Do we invest in the right things? Too many executives simply look at cost when they should focus on the value of what they are buying. Demand for resources will always outpace supply, so executives need to make their spending as effective as possible.
Gold-plated organizations may have the hardest task as leaders will need to place limits on contractors and suppliers that may have run unchecked. Departments accustomed to feeding their own demands may need reining in by senior executives who can prioritize the top two or three companywide initiatives, then allocate budgets to lower levels, where teams can spend with some autonomy'and ample accountability.
Companies that have neglected IT may need to overspend for a while to bring their technology capabilities up to par as they put governance in place to balance new investment in basic infrastructure and services with investment in new business capabilities.
Do we execute effectively on our investments? Perhaps the most significant IT investment, especially for indebted IT organizations, is improving the organization's capabilities, which can boost efficiency and effectiveness. Shifting to Agile development and focusing on outcomes rather than project milestones, for example, can yield savings of 20 percent to 35 percent by removing unnecessary work and overhead.
Gold-plated organizations, meanwhile, can root out bloat by tracking a set of everyday activities through the organization such as how a new environment gets provisioned or how application security handles access management.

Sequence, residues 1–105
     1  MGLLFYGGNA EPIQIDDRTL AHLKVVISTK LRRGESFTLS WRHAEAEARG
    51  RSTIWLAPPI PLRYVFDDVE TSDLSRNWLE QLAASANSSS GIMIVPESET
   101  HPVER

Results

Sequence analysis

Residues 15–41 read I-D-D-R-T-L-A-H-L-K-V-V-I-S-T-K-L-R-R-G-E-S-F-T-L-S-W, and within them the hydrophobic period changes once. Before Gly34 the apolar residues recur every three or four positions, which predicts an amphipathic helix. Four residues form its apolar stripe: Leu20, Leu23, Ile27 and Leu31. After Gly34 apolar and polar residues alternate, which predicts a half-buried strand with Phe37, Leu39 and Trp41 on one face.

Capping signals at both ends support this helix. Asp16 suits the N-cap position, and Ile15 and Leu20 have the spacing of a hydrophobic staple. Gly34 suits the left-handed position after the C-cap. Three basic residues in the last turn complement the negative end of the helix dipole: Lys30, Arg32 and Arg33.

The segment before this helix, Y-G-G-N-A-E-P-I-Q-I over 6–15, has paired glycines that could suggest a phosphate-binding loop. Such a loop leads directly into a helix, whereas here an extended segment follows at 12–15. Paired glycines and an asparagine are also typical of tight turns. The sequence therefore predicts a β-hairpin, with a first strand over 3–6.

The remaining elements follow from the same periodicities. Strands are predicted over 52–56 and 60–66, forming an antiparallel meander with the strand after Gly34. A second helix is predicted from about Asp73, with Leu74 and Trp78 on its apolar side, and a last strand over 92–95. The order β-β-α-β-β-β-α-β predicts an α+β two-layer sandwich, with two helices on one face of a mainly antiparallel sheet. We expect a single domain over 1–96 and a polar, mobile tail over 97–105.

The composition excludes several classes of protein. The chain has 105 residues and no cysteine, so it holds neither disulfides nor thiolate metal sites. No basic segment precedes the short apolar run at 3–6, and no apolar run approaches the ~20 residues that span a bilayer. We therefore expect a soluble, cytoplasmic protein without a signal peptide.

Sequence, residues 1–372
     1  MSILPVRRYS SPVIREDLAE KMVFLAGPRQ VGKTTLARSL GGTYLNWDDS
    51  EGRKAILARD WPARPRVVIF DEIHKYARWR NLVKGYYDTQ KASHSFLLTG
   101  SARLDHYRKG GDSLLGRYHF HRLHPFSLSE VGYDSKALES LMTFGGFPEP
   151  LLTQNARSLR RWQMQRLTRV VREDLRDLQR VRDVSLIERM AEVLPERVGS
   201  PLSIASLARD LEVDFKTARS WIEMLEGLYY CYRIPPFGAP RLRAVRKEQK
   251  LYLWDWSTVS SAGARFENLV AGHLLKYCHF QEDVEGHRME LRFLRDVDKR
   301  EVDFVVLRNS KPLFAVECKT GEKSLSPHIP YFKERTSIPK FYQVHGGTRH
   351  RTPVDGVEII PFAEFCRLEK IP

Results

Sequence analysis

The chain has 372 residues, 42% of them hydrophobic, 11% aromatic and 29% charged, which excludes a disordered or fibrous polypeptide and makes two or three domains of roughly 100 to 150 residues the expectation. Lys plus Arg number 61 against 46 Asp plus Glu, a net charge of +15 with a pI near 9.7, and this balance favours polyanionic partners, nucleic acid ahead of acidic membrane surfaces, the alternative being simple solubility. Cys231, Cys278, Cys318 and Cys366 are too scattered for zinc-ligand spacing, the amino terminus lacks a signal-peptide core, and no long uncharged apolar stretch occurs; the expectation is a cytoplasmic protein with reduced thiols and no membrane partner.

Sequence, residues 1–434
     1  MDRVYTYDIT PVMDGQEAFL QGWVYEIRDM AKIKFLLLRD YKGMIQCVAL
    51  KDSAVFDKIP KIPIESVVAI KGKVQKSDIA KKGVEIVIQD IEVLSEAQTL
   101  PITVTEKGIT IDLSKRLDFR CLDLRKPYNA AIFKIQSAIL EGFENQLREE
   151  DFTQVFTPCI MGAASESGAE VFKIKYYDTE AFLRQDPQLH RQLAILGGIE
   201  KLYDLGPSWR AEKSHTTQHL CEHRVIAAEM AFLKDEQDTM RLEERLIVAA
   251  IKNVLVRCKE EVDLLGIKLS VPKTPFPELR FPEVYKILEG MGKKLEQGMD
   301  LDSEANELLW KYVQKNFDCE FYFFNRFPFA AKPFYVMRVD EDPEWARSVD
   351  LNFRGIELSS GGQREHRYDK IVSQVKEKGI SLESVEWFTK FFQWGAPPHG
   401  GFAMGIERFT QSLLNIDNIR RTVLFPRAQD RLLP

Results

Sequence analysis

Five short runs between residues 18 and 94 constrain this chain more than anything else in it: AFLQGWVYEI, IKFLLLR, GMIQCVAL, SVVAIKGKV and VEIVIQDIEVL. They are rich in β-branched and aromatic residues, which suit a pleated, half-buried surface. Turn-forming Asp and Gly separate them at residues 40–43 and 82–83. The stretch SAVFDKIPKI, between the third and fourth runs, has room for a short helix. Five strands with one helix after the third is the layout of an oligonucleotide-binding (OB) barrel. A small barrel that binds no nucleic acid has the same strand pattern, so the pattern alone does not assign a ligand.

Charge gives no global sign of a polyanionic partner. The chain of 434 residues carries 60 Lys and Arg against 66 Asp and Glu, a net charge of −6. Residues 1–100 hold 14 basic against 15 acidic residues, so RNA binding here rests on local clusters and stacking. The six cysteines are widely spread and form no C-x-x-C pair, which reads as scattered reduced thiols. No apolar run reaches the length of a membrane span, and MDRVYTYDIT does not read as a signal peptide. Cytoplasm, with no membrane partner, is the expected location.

In IT organizations that have not kept pace, a good first step is to take an inventory of capabilities to uncover strengths and weaknesses, which helps executives prioritize areas for investment.
Can we afford our investments? In gold-plated technology organizations, rationalizing the portfolio can help create a more effective function.
One global financial services had multiple development environments that were overconfigured, with expensive software licenses and infrastructure designed for peak usage. The company moved to a cloud-based delivery model and reduced the number of environments, saving up to 15 percent on development costs.
Poor architecture raises the costs of operations and new development. For most companies, the solution lies in protecting some portion of discretionary spending for long-term housekeeping and the evolution of architecture, and not allowing the urgent impulse to build something quickly to overshadow the need to build it correctly. Neglected IT organizations should investigate the potential of nonproprietary, open-source software as well as cloud computing.
Efficient ways to reduce short-term costs without harming long-term prospects include rationalizing demand, seeking concessions from suppliers, and limiting work by contractors and other external support. Focusing on these opportunities while protecting top business priorities ensures a healthier and more stable IT function. (Will Poindexter and Usman Akhtar)
Will Poindexter is a partner with Bain & Company in Chicago and member of the firm's Global IT practice. Usman Akhtar is a partner in Bain's Jakarta office.